The theme of rejection is shown throughout both novels and their protagonists. Twain and Salinger explore various different ideas of rejection in the extracts I have chosen, and both characters experience the rejection from internal conflict and isolation as they develop. The extract from ‘The Adventures of Huckleberry Finn’ is from the start of the book where he is being told by the widow and Miss Watson’s views on how society’s expectations of a ‘normal’ life impacts Huckleberry, although this shows hypocrisy. The extract from ‘The Catcher In The Rye’ is when Holden has a phone call conversation with Sally and then talks about his feelings afterwards. It is a crucial time for both characters as Huck is realising the ‘normal life’ and Holden is just coming round to the idea of conforming to society’s views of a ‘normal life’ by following the conventions of the phone call.
Both texts fit into the genre of Bildungsroman because both Huckleberry Finn and Holden become more reliable characters. In Huckleberry Finn, the Mississippi River is used as a symbol of liberation when Huck and Jim are sailing downwards. Another important characteristic of a Bildungsroman is the evolution of themes. The protagonist in The Catcher In The Rye, Holden Caulfield, interacts with the various “phonies” around him, his encounter with Sunny, the prostitute and his later conversations with his sister Phoebe are all indicators of how the protagonist has matured. Also, Catcher In The Rye fits in with the bildungsroman genre because Holden is presented as a social outcast who carries his own opinions. The extract I have chosen has followed this genre because it shows Holden’s journey to maturity throughout the novel but mainly in the middle and what he believes an adult should behave like and not what society is portrayed to be. The rise of the teenager came about in the 1950’s where Catcher In The Rye was set. The word ‘teenager’ was created due to the tremendous population of those in that age category and because of this teenagers started to gain more freedom and independence. The rejection is well expressed through this context as Holden rejects the views society has for him to grow up like, for example in the extract Holden tries to cut to the chase but is actually trying to make an effort to following convention ‘Well, listen. How are ya anyway?’. However in Huckleberry Finn, Huck has no preconceptions or opinions therefore is being taught how society is wants teenagers to live a ‘normal’ life. In the extract is shows Miss Watson and the widow telling Holden what to do, however they use a lot of hypocrisy as Miss Watson tells Huckleberry he is not allowed to smoke because that is what society wants the teenager to conform as, but she likes to smoke herself.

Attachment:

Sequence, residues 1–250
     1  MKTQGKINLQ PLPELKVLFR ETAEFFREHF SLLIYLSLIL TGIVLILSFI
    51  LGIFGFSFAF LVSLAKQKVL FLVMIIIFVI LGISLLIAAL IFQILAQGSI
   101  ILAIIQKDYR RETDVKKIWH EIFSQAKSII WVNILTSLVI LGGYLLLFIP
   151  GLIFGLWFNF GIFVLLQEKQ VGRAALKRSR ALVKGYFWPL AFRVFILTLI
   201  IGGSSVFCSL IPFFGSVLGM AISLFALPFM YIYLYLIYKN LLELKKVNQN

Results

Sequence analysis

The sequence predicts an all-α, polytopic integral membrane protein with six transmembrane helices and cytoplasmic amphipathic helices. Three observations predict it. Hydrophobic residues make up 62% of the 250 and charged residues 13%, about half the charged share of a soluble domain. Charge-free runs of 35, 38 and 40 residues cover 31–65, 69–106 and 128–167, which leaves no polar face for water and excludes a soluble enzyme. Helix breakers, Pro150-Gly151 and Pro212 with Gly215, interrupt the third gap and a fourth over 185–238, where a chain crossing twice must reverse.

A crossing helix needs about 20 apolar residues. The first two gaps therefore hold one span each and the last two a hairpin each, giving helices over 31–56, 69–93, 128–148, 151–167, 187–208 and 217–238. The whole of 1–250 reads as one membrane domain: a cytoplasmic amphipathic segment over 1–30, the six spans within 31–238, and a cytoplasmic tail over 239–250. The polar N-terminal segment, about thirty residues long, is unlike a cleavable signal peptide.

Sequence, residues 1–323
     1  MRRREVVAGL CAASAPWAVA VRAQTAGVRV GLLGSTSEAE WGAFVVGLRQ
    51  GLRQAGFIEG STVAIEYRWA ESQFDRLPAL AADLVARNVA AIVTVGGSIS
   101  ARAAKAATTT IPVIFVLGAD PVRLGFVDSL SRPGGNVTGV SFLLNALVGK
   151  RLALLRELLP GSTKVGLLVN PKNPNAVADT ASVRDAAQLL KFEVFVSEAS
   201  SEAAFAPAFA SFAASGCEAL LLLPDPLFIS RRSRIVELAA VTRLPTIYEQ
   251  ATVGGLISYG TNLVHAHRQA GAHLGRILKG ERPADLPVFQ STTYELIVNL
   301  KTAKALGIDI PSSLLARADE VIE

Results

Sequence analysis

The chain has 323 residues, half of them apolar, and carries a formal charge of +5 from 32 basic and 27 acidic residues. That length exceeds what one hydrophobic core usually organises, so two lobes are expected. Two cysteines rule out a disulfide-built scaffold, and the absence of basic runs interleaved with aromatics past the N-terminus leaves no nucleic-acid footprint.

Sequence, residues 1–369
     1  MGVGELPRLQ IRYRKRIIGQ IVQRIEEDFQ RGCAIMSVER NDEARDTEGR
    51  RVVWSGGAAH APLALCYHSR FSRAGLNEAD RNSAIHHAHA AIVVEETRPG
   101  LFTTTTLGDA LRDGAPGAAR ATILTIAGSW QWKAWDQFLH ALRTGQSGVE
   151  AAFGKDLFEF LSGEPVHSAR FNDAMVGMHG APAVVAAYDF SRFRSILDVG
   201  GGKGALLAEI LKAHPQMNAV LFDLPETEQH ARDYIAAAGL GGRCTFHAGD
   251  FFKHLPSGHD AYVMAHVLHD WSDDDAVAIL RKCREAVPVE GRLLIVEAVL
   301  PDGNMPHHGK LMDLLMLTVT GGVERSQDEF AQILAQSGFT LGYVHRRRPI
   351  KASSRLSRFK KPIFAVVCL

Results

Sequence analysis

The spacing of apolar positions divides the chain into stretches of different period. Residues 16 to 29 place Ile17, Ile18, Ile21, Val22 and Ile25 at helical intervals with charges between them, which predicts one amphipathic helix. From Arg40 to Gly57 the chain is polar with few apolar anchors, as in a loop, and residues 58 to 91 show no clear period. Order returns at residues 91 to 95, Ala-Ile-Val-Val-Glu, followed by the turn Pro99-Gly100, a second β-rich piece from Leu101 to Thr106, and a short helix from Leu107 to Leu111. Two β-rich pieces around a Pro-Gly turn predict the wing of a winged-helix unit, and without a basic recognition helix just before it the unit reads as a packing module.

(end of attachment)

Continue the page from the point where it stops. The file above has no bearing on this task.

Elements of the Bildungsroman genre is present in extract 2, however the text does not completely conform to conventions. Holden chooses to phone Sally and try to follow conventions of a polite conversation but sometimes forgetting this because he wants to get straight to the point. We then recognise that it shows that Holden is acknowledging his role in society as he is willing to talk to Sally like an adult and carry on this throughout his relationship with Sally. Holden, taking the relationship male role would fit the expectations of the genre, but after getting off the phone goes back to rejecting being fully integrated within society by returning to the style of narrative we are used to. Using words like ‘swell’ are very abrupt. By using the type of language typical of his generation, Holden is showing that he rejects the rigid expectations of society, however his attempt to follow conventions and expectations of society shows pioneering rejection from the norm. Using the word ‘swell’ also shows that Holden can be awkward around Sally as well as